It may even have been better to be a woman in Ancient Egypt according to archaeologist and indigenous wisdom keeper Hakim Awyan, who grew up on The Band of Peace (the line that most major pyramids, like the Great Pyramid at Giza, are situated on or around) and knows his ancestors history and beliefs intimately it would seem. Hakim claims that because any statues or carvings of a male and female couple depict the woman with her arm around the man, and never the other way around, this proves that the woman was the head of the house in ancient times, her arm around her partner there to display to onlookers that he is hers.

Something else that supports Hakim's theory is of all things, wigs. In ancient artwork, men of average status were depicted with sharply layered wigs that almost looked like stairs with more steps meaning more importance. Women were always in smooth, long wigs that had centre parts and no layers. If a male was shown in a female wig, it would symbolize his importance. According to Hakim, men who were usually given a female wig were scribes, physicians and the like. Could modern woman's desire to show off a good haircut like a status symbol today be traced all the way back to Egyptian men?

Two Halves Make a Whole

I'm sure you've heard the Ancient Greek myth that humans used to have four legs, four arms, and two faces, but Zeus feared their power and split them in two, leaving them searching for their literal other half for the rest of their lives, only to be completed once the other half was found. Very romantic and a lovely thought, but I've found that the Ancient Egyptians seemed to have a much more realistic, and still valid today, theory on what made a "whole" human.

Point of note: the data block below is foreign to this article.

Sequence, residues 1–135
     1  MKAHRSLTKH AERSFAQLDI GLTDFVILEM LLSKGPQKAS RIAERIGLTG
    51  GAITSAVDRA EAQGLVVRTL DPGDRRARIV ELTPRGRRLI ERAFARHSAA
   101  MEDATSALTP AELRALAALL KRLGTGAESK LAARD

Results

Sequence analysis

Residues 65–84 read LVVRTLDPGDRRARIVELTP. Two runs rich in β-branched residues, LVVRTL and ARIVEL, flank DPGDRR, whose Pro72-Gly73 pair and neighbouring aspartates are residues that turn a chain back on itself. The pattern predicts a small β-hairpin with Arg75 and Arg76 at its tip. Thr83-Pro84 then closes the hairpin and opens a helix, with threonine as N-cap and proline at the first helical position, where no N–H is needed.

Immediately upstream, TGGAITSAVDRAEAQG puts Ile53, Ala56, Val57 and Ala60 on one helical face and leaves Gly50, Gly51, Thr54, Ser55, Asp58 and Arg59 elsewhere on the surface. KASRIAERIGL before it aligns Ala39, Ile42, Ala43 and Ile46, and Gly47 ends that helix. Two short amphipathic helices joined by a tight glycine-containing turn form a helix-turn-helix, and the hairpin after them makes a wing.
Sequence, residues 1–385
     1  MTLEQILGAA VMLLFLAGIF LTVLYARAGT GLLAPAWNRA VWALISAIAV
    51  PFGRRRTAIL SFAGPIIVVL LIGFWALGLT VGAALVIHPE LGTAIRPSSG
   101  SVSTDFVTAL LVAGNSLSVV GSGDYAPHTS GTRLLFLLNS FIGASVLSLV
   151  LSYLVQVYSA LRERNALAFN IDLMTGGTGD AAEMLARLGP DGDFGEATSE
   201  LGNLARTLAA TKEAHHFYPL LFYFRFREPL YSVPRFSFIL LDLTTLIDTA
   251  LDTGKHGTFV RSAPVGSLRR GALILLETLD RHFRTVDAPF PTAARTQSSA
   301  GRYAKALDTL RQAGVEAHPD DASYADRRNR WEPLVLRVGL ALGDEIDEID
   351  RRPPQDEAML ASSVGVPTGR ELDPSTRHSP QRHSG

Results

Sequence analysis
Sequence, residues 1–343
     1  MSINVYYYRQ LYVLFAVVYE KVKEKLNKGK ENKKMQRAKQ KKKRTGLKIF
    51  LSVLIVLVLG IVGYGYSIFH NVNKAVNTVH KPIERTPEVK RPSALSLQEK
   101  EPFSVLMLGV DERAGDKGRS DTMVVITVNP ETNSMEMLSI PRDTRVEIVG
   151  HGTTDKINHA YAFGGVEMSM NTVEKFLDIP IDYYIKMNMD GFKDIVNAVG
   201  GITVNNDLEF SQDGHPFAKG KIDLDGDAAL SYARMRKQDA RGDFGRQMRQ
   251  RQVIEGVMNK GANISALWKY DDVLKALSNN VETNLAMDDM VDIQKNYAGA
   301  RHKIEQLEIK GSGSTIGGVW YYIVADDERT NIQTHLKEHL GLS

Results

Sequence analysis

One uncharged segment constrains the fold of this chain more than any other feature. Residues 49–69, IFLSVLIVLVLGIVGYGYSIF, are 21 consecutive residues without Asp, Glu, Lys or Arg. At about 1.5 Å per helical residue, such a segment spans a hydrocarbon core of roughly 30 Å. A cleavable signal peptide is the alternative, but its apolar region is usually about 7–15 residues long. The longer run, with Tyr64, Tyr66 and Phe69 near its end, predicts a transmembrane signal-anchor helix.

The Ancient Egyptians believed that the right side of the brain housed the feminine while the left housed the masculine. Conversely, the left side of the body was dominated by the feminine and the right by the masculine. Feminine consciousness thought about ritual, magic and art, while the masculine thinks of science, rationality, and history.

Carmen Boulter believes that our modern society has practically erased the feminine. If you look at schools and compare them to the two gendered consciousnesses, you can see that logical, practical knowledge like mathematics and science are prized by teachers and officials, while creativity and art are pushed to the side and ignored. If we take the balance of feminine and masculine that the Ancient Egyptian's coined as fact, we can see that our society has been massively imbalanced by masculine consciousness overtaking feminine somewhere along the long journey from pharaoh's and religion to politicians and atheism.